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Impaired Sleep, Multimorbidity, and Self-Rated Health among Canadians: Findings from a Nationally representative survey
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  • Shirmin Bintay Kader,
  • Nahin Shakurun,
  • Bonnie Janzen,
  • Punam Pahwa
Shirmin Bintay Kader
University of Saskatchewan

Corresponding Author:[email protected]

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Nahin Shakurun
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Bonnie Janzen
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Punam Pahwa
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Abstract

Background: Self-rated health (SRH) is a globally recognized measure of health status. Both impaired sleep (IS) and the presence of multimorbidity are related to poorer SRH, but the precise nature of these associations remains unclear. This study explored the association between IS, multimorbidity, and SRH among Canadian adults. 
Method: We used 2017-18 Canadian Community Health Survey (CCHS) data for this study. The main variable of interest, self-rated health (SRH), measured participants’ health on a 5-point Likert scale, later categorized as good/very good/excellent or fair/poor.  The primary predictor, IS, was derived from two variables and categorized into four groups: no sleep issues; fewer sleeping hours (<7 hours) only; trouble sleeping only; and fewer hours & trouble sleeping. Multimorbidity was present (yes/no) if a participant indicated being diagnosed with two or more chronic conditions.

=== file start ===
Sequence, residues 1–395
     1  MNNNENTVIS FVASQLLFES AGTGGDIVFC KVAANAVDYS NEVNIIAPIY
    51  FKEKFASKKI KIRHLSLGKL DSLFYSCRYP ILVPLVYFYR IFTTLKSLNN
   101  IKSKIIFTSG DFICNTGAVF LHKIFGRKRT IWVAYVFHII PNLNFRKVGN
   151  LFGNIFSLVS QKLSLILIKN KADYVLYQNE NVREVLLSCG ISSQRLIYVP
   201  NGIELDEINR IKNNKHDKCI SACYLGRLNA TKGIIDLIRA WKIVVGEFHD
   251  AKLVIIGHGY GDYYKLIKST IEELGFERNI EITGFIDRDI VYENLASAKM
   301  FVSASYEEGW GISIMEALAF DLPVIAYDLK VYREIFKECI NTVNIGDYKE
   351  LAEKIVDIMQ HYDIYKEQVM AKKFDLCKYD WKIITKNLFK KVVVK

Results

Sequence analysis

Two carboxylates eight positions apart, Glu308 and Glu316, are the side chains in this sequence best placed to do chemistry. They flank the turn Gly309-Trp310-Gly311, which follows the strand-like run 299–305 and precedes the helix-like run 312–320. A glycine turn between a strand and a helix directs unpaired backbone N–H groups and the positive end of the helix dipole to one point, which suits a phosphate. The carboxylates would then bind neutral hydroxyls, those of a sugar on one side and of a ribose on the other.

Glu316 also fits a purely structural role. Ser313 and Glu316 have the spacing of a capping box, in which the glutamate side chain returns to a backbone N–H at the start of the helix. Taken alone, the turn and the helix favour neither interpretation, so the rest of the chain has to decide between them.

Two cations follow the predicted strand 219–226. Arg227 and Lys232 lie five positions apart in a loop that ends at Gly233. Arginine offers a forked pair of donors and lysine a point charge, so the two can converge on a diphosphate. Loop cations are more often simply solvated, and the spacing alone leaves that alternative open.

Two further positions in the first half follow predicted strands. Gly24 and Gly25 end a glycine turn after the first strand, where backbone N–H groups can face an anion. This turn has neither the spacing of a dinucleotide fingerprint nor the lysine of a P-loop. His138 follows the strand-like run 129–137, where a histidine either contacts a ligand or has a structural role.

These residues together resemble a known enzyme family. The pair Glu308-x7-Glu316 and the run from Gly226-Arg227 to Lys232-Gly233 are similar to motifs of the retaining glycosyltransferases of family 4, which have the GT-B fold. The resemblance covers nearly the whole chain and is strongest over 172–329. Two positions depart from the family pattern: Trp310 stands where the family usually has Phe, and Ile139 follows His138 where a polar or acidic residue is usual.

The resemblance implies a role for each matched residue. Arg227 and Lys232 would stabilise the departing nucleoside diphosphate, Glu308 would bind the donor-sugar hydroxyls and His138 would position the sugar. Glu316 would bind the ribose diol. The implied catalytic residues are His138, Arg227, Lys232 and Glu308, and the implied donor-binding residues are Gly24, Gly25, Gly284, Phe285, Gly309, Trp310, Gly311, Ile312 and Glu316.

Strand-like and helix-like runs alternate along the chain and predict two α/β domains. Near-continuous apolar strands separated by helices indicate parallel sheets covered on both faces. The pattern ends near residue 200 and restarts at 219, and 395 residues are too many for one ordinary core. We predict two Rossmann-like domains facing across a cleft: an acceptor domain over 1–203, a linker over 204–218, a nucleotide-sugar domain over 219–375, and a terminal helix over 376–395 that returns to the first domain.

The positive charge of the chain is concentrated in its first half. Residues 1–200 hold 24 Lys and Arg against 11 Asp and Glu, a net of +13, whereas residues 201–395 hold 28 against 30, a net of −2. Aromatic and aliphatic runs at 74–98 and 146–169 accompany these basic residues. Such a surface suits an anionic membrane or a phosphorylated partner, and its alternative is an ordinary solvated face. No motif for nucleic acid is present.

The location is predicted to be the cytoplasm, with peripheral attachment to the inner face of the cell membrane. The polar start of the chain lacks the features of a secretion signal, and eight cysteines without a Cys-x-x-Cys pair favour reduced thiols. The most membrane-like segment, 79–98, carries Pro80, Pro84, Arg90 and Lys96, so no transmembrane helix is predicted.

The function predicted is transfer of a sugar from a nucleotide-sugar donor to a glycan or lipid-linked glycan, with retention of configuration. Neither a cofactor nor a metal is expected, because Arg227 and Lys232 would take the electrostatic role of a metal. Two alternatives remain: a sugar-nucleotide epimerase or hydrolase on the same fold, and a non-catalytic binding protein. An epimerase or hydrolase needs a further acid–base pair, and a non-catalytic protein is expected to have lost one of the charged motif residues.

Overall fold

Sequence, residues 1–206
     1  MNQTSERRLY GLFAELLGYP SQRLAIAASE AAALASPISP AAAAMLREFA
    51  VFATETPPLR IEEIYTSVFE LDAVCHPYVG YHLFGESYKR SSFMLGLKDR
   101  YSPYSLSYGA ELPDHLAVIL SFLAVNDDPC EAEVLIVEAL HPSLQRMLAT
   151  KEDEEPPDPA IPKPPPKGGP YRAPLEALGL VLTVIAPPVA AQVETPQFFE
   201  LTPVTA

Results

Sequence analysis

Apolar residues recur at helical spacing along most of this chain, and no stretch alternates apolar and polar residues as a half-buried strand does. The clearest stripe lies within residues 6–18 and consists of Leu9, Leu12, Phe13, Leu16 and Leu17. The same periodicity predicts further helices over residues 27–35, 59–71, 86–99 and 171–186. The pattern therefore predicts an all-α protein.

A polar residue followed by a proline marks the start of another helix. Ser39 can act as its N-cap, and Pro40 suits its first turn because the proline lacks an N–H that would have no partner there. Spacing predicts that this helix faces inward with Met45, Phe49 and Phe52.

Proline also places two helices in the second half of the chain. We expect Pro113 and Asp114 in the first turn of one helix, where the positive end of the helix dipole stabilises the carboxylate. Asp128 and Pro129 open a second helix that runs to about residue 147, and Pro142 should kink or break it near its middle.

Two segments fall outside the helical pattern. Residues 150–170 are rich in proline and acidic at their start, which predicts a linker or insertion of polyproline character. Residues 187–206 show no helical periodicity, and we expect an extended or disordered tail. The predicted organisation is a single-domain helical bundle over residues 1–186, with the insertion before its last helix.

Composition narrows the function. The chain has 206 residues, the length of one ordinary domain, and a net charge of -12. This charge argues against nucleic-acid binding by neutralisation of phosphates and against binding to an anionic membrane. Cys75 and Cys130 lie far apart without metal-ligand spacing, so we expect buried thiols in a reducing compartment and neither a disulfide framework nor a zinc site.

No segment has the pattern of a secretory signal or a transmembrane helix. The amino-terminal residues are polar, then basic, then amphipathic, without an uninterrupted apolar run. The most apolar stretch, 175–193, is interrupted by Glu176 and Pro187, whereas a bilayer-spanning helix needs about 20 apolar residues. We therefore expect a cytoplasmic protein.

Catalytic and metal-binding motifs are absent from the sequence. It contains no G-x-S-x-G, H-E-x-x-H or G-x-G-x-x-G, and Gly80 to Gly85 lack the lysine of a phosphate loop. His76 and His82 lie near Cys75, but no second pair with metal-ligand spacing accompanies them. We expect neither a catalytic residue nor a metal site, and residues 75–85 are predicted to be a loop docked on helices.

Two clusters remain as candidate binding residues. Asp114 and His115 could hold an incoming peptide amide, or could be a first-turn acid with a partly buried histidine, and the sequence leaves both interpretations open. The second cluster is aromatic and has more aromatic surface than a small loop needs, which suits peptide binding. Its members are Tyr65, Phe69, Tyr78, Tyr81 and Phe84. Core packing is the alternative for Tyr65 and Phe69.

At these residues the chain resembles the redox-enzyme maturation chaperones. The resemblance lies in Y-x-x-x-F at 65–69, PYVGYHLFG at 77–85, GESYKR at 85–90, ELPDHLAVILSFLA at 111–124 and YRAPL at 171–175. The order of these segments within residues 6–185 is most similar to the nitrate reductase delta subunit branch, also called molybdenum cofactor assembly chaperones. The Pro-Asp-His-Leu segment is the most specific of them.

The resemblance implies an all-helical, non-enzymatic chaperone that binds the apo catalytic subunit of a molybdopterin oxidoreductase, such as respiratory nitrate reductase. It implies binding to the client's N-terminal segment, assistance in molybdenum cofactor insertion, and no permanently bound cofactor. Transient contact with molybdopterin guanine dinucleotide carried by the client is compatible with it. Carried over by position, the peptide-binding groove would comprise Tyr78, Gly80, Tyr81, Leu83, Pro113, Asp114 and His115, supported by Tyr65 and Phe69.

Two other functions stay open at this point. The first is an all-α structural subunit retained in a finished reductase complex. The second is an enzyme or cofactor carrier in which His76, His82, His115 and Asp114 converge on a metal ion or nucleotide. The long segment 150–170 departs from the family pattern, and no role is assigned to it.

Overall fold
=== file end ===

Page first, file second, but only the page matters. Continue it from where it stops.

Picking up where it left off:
Results: Just over one in ten Canadians reported fair/poor SRH and approximately one-quarter had multimorbidity or experienced few sleep hours in combination with trouble sleeping. The adjusted model indicated greater odds of fair/poor SRH associated with the 40-64years age group, male sex, and lower SES. It also suggested the presence of multimorbidity (AOR: 4.63, 95% CI: 4.06-5.28) and a combination of fewer sleep hours and troubled sleep (AOR: 4.05, 95% CI: 2.86-5.74) is responsible for poor SRH. Forty-four percent of the total effect of IS on SRH was mediated by multimorbidity. 
Conclusion: This unique finding highlights the mediating role of multimorbidity, emphasizing the importance of addressing it alongside sleep issues for optimal health outcomes.